On November 8, 2023, the Province of Alberta amended the Rules of Court,1 replacing the summary trial process with a new "streamlined trial" process. The Rules of Court amendment will come into force on January 1, 2024.2 The amendment addresses two of the problems that plagued the previous summary trial process by stipulating that

  1. issues of credibility, oral evidence, cross-examination or expert evidence are not, on their own, reasons to deny a streamlined process
  2. any dispute over whether a streamlined trial is appropriate must be resolved in advance and on a summary basis

In doing so, the amendment has the potential to increase judicial efficiency and access to justice for civil litigants in Alberta.


Timely and affordable access to the civil justice system is an ongoing issue in our courts. In Hryniak v. Mauldin, the Supreme Court of Canada endorsed a "culture shift" in civil litigation to address an increasingly expensive and protracted trial process and facilitate access to justice.3 This culture shift requires courts to favor proportionate, timely and affordable procedures in recognition that a full trial is not always necessary to achieve a just result.4

Under the current Rules of Court, there are two types of trials: standard trials and summary trials. Standard trials presumptively proceed based on oral evidence.5 In theory, summary trials offer a shorter court proceeding by streamlining the evidentiary process.6 Summary trials were intended to be an efficient option in cases where summary judgment7 would be insufficient but where a full trial was not proportionate.

As noted in reported decisions, the summary trial process has been underutilized in Alberta.8 This is largely because the current summary trial process carries significant risk for the party that applies for a summary trial.9 The respondent to an application for a summary trial could object to the suitability of summary trial right up until the eve of the trial.10 This means that there is a risk that the Court could decide a matter is not suitable for summary trial after the parties expend the time and money to fully prepare for one.11 Further, a judge could decline to render judgement in favour of either party at the end of a summary trial, adding additional uncertainty for litigants.12 Litigants' reluctance to use the summary trial process exacerbates issues of delay and expense and compromises access to justice.13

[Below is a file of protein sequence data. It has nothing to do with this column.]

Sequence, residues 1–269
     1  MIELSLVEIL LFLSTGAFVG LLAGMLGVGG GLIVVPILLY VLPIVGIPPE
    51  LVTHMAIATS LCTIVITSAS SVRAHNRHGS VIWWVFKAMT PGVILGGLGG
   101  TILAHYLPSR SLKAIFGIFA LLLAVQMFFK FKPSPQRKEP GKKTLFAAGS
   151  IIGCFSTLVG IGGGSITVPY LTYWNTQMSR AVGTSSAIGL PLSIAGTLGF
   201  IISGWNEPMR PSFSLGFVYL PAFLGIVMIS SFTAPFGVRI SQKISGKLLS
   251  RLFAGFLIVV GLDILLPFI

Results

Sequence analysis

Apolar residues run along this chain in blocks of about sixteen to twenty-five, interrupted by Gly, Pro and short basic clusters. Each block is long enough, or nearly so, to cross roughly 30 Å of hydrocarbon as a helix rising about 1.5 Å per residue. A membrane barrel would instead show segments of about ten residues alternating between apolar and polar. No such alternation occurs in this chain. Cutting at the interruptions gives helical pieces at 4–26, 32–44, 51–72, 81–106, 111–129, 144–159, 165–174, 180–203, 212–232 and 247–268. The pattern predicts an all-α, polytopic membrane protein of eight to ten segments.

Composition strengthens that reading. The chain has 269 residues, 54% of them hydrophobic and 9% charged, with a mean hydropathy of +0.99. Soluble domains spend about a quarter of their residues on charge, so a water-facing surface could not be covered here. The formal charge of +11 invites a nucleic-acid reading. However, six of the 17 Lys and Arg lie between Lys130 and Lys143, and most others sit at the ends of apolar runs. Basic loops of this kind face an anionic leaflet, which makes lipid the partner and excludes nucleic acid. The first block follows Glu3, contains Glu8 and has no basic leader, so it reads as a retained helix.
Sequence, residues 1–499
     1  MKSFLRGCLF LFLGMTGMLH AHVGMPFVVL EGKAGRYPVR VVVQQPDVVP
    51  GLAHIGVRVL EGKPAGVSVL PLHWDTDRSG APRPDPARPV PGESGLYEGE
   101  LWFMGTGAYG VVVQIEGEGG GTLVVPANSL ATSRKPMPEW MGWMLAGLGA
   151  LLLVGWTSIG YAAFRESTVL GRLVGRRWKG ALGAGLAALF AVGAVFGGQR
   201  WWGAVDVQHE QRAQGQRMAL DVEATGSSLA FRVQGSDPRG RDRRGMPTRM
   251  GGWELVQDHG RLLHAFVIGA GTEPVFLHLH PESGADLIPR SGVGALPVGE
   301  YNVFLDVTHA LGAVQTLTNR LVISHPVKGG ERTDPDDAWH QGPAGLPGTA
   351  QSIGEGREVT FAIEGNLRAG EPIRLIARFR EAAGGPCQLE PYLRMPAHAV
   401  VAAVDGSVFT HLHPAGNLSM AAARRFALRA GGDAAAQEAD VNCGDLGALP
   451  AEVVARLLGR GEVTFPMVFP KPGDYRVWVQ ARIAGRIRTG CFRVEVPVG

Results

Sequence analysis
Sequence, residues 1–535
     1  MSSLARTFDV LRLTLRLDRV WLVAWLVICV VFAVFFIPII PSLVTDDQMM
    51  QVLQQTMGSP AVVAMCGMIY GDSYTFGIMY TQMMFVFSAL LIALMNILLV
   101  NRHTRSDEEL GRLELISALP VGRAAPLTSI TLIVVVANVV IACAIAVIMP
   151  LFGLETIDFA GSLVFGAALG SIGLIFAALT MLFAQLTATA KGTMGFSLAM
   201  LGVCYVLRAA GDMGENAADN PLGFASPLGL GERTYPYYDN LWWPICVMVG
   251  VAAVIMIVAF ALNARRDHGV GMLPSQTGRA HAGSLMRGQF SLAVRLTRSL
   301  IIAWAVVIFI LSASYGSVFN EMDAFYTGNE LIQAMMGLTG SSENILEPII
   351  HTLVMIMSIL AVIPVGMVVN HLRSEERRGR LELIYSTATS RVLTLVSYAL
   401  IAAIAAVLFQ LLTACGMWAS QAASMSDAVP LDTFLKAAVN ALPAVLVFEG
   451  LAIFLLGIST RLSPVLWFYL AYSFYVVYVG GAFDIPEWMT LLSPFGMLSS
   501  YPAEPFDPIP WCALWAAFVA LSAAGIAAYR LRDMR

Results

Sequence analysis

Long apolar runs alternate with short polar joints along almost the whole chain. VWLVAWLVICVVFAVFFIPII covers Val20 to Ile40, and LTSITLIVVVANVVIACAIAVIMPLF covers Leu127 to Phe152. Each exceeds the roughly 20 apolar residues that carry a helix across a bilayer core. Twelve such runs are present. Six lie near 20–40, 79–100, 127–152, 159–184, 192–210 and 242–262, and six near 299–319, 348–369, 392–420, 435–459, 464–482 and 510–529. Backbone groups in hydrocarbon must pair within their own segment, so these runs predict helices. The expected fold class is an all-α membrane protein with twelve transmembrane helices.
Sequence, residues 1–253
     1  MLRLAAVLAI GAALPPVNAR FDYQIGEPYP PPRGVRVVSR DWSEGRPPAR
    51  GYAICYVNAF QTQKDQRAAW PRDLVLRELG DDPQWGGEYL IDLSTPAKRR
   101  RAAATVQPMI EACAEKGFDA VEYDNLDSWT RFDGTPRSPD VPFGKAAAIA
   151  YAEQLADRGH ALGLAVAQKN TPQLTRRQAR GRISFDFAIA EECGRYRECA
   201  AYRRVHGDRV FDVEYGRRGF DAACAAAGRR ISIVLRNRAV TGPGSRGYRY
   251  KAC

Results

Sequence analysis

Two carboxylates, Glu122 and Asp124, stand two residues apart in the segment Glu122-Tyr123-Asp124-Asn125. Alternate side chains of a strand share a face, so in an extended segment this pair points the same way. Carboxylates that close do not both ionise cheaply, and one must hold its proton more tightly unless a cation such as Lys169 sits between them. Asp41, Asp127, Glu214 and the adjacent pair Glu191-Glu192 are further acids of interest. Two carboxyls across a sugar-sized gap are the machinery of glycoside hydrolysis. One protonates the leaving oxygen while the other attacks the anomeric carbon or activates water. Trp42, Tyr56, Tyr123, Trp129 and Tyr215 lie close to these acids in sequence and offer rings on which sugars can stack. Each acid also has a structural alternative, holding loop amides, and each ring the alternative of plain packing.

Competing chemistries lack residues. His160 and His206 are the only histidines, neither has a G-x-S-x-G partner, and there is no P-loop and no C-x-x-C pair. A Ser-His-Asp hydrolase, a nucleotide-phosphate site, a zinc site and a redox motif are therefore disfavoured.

In response to this issue, the Alberta Rules of Court Committee engaged with the judiciary and legal profession starting in 2020 to develop the streamlined trial process that will replace summary trials in 2024.

The 'streamlined trial' process

The amendment repeals the summary trial process entirely, replacing it with a new, streamlined trial process.14 The streamlined trial process will be available to litigants where a streamlined trial is

  1. necessary for the purpose of the action to be fairly and justly resolved
  2. proportionate to the importance and complexity of the issues, the amounts involved and the resources that can reasonably be allocated to resolving the dispute15

Notably, a streamlined trial may be appropriate even if affidavit evidence alone is insufficient to resolve the dispute. The amended Rules of Court state that the court will not consider a streamlined trial to be disproportionate solely because the matter requires some oral evidence, cross examination or expert evidence, or because issues of credibility arise.16

Applying for a streamlined trial

Under the amended Rules of Court, the litigants have more clarity and control in seeking a streamlined trial.17 If all parties agree that a streamlined trial is appropriate, they can write to the court with a proposed consent order directing a streamlined trial.18 If the parties do not agree, one party can bring an application for a streamlined trial.19 A party can also make a request through the case management process, or as otherwise directed by the court.20

The court also may also order a streamlined trial on its own motion in chambers, at a case conference meeting, at an application for judgment or at any other appearance.21 The court must be satisfied a streamlined trial is necessary for the action to be fairly and justly resolved and is proportionate to the dispute.22